His paintings of 1914–1917 are purely non-objective; their overall patternings consist of ‘explosions’ of pure colors in free-form compositions, whose nebulous forms suggest the infinities of both micro- and macrocosmic space, as in Chromatic Fantasy (1914), Summer Night (1917) and Fantasy on a Potato Blossom (1917). These paintings, with their use of sophisticated, exuberant color to create evocative or emotive effects, suggest comparisons with the early abstractions of Kandinsky, but Giacometti eschewed reliance on line, preferring instead more miasmic and stippled forms. He continued to create works in this style during the following decades, for example Memory of an Italian Primitive II (1927). These paintings later earned him a place in history as one of the pioneers of abstraction, although during his lifetime he gained fame primarily through his decorative work.
     After settling in Zurich in 1915 he worked on many public commissions, particularly stained-glass windows and mosaics. His early abstractions were rediscovered through exhibitions in Switzerland in 1959, when they were perceived as having remarkable affinities with European Tachism and Art informel, as well as with US color field painting, for example that of Rothko, Sam Francis and Clyfford Still. However, Giacometti’s lyrical colorist compositions had spiritual and symbolist intentions significantly different from post-war Abstract Expressionist styles.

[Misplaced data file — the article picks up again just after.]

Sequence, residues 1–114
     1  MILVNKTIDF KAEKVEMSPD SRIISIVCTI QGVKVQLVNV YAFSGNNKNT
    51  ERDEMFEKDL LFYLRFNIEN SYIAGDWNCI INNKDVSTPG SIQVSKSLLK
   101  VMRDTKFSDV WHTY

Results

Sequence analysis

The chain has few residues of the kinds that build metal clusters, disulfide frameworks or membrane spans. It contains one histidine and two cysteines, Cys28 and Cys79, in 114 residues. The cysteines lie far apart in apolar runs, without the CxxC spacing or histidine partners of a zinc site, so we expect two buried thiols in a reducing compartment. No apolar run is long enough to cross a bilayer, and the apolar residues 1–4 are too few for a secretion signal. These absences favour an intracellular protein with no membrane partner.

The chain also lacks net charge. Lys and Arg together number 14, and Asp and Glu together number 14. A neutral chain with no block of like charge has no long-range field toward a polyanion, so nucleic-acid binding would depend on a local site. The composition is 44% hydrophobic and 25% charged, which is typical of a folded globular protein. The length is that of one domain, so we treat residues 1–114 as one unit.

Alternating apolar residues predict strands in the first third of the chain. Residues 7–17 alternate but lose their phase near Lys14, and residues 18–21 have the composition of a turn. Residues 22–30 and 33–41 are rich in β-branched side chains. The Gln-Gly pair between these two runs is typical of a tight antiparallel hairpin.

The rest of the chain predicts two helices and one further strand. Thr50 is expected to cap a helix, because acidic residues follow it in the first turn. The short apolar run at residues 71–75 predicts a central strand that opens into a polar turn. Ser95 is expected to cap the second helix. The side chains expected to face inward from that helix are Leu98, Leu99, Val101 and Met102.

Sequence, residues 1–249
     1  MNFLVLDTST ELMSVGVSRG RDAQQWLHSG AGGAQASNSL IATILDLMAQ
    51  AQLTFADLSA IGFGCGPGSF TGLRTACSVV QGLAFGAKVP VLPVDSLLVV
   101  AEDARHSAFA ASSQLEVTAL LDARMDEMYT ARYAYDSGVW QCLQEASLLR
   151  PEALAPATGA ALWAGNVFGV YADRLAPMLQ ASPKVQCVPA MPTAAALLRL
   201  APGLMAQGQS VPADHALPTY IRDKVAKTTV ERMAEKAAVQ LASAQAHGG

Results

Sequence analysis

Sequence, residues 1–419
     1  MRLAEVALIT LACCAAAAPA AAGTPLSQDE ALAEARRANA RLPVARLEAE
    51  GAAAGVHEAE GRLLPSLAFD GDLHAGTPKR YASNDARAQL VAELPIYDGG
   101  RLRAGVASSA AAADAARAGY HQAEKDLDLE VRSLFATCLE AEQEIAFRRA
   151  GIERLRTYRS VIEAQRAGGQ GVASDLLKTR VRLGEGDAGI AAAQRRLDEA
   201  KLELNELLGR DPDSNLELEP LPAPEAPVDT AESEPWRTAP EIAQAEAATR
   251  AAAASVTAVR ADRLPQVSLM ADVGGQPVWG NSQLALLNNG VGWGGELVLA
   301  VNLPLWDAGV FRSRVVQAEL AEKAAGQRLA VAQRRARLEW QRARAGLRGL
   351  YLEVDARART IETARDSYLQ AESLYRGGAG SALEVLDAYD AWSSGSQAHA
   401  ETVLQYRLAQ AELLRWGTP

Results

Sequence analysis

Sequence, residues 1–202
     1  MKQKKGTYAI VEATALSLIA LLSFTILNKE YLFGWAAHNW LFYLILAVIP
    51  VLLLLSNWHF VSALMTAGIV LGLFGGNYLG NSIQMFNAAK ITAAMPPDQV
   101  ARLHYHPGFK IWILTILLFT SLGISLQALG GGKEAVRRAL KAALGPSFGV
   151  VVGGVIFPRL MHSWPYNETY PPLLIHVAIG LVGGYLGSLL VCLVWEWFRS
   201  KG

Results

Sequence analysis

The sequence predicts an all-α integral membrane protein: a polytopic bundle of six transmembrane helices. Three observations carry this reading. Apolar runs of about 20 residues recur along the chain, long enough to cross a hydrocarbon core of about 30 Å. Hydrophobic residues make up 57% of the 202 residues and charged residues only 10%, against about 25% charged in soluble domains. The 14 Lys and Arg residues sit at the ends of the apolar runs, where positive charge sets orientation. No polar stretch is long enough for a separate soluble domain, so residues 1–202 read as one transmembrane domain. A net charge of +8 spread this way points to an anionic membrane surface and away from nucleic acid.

1658 Jan Frans van Zoon (or van Son), Flemish painter who died in 1718.

1592 Wybrand Simonszoon de Geest I “l'Aigle de Frise”, Dutch painter who died in 1659 (1662?). He was the son of Symon Juckes de Geest [–<1604], a painter of stained-glass windows. Wybrand de Geest studied with Abraham Bloemaert in Utrecht and then went to France and Italy. There he became a member of the colony of Dutch artists active in Rome that later developed into the Schildersbent, who gave him the nickname ‘the Frisian eagle’. He made a copy after Caravaggio’s Mary Magdalene (1597, 123x99cm) in Rome in 1620. He returned to Leeuwarden in 1621 and became the favorite portrait painter of the Frisian stadholders and the landed gentry. His marriage to Hendrickje Uylenborch, who was related to Rembrandt’s wife Saskia, strengthened his contacts with artistic centers outside Friesland.